“I’m still shook up and shaking. My stomach is in knots because I know they’re people just like me. I wasn’t that far from it and I could have just kept going and it would have been me and we wouldn’t be talking right now,” Jones said.

The U.S. territory’s Gov. Ricardo Rossello expressed his sadness, tweeting that “our prayers are with the families of the Puerto Rican crew.”

President Donald Trump tweeted that he had been briefed on the crash, and sent “thoughts and prayers for the victims, their families and the great men and women of the National Guard.”

Related: Pilot likely affected by ‘spatial disorientation’ in plane crash that killed former Alberta Premier Jim Prentice

___

Coto reported from San Juan, Puerto Rico. Associated Press writer Jeff Martin in Atlanta contributed to this report.

Russ Bynum And Danica Coto, The Associated Press

 

Smoke rises in the distant where an Air National Guard C-130 cargo plane crashed near an in Savannah, Ga., Wednesday, May 2, 2018, in this view from Poolers, Ga. (Minh Phan via AP)

Just Posted

Wilson returns to Pacific Crest Trail undeterred

Terrace hiker was forced to abandon journey last year due to back injury at 566-mile marker

More exported goods needed for Terrace transloading facility “financially viable,” according to report

Build-out of SIDP lands, potential for micro-LNG facilities could warrant future development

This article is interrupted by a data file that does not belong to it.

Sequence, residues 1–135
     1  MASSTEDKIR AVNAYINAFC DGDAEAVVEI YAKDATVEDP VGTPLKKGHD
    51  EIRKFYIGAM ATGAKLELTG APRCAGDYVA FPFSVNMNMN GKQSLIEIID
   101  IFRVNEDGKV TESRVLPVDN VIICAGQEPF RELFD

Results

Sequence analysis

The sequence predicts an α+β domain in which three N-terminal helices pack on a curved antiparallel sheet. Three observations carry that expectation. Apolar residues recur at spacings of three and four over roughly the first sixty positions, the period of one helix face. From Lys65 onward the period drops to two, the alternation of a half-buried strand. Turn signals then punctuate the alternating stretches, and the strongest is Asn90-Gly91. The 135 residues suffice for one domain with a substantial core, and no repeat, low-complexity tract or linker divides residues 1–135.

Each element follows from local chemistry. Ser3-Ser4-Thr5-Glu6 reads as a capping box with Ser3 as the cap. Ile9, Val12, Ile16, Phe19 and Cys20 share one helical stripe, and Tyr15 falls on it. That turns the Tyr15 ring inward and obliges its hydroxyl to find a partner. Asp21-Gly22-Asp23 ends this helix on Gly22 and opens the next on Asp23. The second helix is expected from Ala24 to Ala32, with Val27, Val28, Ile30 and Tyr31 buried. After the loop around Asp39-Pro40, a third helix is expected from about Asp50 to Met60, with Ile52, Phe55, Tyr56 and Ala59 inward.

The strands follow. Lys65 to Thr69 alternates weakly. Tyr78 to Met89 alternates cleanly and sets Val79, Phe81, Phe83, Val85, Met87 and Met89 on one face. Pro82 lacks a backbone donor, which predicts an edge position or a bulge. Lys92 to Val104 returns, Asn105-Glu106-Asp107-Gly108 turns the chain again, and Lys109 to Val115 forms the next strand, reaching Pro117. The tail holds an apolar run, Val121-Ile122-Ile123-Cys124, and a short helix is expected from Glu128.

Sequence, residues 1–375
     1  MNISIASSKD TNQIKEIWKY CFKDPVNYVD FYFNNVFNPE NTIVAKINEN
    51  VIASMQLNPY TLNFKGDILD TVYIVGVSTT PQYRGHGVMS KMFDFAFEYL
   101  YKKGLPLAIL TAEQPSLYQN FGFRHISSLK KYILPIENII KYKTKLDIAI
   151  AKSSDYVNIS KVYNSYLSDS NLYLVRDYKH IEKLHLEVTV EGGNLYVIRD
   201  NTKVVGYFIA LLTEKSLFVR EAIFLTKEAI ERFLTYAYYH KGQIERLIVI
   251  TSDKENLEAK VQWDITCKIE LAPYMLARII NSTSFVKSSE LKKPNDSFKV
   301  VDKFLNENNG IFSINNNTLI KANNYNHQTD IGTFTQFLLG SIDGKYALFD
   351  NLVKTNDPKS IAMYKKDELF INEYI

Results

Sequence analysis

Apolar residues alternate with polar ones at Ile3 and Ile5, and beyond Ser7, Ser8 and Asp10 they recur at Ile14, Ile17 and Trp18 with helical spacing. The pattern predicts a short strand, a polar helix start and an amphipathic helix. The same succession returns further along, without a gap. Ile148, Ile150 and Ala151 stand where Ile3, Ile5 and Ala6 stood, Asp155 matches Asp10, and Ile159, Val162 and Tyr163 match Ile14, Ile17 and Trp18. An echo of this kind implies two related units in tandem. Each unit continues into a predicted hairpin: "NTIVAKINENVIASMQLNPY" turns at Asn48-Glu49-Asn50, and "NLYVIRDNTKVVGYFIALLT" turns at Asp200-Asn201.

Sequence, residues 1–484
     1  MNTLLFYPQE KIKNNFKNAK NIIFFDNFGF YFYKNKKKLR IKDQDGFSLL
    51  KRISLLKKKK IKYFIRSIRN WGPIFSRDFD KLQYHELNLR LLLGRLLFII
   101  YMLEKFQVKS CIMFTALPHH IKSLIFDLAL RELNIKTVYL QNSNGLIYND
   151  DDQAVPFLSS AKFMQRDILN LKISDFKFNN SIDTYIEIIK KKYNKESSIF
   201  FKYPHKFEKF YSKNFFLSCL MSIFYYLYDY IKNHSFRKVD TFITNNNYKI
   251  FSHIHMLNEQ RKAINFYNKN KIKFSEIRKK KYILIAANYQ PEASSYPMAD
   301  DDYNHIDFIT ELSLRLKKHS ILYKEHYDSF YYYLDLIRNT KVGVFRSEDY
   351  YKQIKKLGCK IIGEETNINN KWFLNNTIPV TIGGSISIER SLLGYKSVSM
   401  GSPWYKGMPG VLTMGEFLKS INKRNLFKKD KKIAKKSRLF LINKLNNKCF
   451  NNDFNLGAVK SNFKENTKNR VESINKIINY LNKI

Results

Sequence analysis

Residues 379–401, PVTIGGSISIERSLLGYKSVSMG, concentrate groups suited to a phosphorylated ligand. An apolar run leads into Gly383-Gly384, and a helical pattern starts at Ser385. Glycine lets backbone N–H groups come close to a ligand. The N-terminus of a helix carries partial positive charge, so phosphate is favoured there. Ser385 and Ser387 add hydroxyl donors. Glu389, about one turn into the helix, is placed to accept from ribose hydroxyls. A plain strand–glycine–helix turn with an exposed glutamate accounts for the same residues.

Province provides three rural grants to Terrace

Each project will receive $10,000 to boost their operations

Student rangers sought for Terrace

Young adults interested in student ranger program have until Feb. 24 to apply

Skeena Sawmills audit good overall, but fault found in tree planting

Violation only issue discovered in Forest Practices Board report

Self serve doggy-wash poised to change dog grooming industry

Add money, start spraying to wash dog in the K9000

Anxiety in Alaska as endless aftershocks rattle residents

Seismologists expect the temblors to continue for months, although the frequency has lessened

Women’s March returns across the U.S. amid shutdown and controversy

The original march in 2017, the day after President Donald Trump’s inauguration, drew hundreds of thousands of people

Federal Liberals announce former B.C. MLA as new candidate in byelection

Richard Lee will face off against federal NDP leader Jagmeet Singh

No winning ticket in $10 million Lotto Max jackpot

No win in Friday night’s draw means the next Lotto Max draw will be approximately $17 million

Scientists ID another possible threat to orcas: pink salmon

For two decades, significantly more of the whales have died in even-numbered years than in odd years

Burnaby byelection turmoil sparks debate about identity issues in politics

The Liberals still have not said whether they plan to replace Wang, who stepped aside Wednesday

B.C. woman planned to donate a kidney to her husband, then found out she has cancer

Richard Stuart needs a kidney, his wife Tracy has been diagnosed with cancer

Rookie Demko backstops Canucks to 4-3 win over Sabres

Young Vancouver goalie makes 36 saves to turn away Buffalo

Most Read